Stock Plans

To issue equity to employees and consultants, most startups set up a stock plan. A stock plan is a company program used to issue stock options or restricted stock to employees and consultants. Stock plans must be set forth in a legal document that is adopted by the board and approved by the stockholders.1 Startups typically set up stock plans as part of the corporate formation process, even if they don't have any immediate plans to hire people, because it is easier and cheaper to do all the paperwork at once rather than over time.

There are three primary benefits to using stock plans:

  1. When a startup sets up and uses a stock plan properly, the startup and its employees and consultants can benefit from advantageous tax regulations.
  2. Corporations must comply with securities regulations under federal and state laws whenever they issue any securities, such as stock or stock options. By default, a corporation will have to analyze securities regulations and potentially make filings each time it issues securities. With a stock plan though, corporations only need to make the analysis and any necessary filings once per relevant state, with respect to issuing stock or stock options to employees or consultants.
  3. By using standardized terms for all equity compensation, startups can reduce the amount of time and money they spend on legal due diligence in future financings and acquisitions.

The name of a stock plan usually includes the year in which the stock plan was adopted. For example, if your startup adopted a stock plan in 2016, it would typically be named something like 2016 Stock Plan. This is done to distinguish stock plans from each other, since a corporation may adopt additional stock plans in the future (though, this is infrequent).2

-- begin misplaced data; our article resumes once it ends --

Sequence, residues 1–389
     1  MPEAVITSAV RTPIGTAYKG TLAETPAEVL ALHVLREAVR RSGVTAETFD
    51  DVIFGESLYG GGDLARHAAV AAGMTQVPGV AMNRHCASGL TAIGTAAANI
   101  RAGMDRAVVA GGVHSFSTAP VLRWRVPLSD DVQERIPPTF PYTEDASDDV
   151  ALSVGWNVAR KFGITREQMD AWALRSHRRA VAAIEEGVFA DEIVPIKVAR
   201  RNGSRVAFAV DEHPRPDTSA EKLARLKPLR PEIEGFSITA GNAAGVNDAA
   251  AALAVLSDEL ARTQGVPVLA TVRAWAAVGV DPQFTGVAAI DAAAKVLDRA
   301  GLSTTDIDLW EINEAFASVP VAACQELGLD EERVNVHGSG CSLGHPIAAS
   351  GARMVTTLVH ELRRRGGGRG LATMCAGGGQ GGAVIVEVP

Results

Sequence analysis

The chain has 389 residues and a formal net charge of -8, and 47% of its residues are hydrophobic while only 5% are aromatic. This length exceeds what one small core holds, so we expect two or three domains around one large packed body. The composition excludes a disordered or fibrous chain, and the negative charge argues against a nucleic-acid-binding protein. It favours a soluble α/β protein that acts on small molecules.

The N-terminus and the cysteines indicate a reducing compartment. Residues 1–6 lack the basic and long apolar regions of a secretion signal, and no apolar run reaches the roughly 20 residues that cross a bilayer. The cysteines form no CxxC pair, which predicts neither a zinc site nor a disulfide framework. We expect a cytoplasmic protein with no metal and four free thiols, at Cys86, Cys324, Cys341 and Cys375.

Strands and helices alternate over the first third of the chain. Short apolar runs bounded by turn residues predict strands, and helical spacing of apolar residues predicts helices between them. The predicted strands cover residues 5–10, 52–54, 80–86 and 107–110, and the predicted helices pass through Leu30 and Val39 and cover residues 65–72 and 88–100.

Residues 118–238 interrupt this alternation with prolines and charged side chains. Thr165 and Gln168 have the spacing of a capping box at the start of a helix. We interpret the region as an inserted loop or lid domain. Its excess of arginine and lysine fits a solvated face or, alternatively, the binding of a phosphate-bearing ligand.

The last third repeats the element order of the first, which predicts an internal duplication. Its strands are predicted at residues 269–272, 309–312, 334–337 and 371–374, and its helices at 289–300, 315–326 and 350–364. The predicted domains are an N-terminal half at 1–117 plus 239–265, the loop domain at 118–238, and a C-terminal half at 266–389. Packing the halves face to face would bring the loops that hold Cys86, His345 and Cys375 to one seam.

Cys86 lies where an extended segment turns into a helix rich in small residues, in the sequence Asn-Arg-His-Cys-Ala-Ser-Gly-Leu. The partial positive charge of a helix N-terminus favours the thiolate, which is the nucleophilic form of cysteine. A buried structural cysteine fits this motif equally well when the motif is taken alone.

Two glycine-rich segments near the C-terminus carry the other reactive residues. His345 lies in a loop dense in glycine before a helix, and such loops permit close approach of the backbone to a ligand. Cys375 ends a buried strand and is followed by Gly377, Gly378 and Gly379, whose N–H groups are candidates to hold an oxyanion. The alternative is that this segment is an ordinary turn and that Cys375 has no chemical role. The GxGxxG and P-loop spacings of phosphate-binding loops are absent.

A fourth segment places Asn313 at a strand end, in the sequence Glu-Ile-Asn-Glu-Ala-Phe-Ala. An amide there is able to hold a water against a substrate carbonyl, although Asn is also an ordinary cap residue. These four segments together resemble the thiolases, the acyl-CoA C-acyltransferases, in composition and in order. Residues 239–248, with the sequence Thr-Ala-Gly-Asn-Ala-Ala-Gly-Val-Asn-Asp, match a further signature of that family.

When a corporation adopts a stock plan, it must specify the maximum number of shares that can be issued under that plan. The corporation can change this number later by amending the stock plan with approval of the board and stockholders. The corporation must reserve that maximum number of shares for issuance under the plan, and must have enough shares available for issuance in order to do so. The reserved shares are often collectively referred to as an option pool or stock option pool.


The following are also terms commonly used to refer to stock plans:

  • Stock option plans
  • Employee stock option plans (ESOPs)
  • Equity incentive plans

The term stock plan, as used in the context of startups, does not typically refer to:

  • Employee stock ownership plans (ESOPs)
  • Employee stock purchase plans (ESPPs)

These other types of plans have a very specific meaning, and are not commonly used by startups. Note that employee stock option plans and employee stock ownership plans share the same acronym, confusingly.

Stockholder approval is required to enable favorable tax and securities laws and regulations. Some investors may negotiate for their specific approval to be required, in addition to general requirement of stockholder consent.
One common reason a corporation would adopt more than one stock plan is because there are favorable tax regulations that only apply to stock options issued within 10 years of the adoption of the stock plan the options are issued under. When this 10-year mark is reached, corporations often adopt a new stock plan in order to ensure its stock options continue to receive favorable tax treatment.

results matching ""

    No results matching ""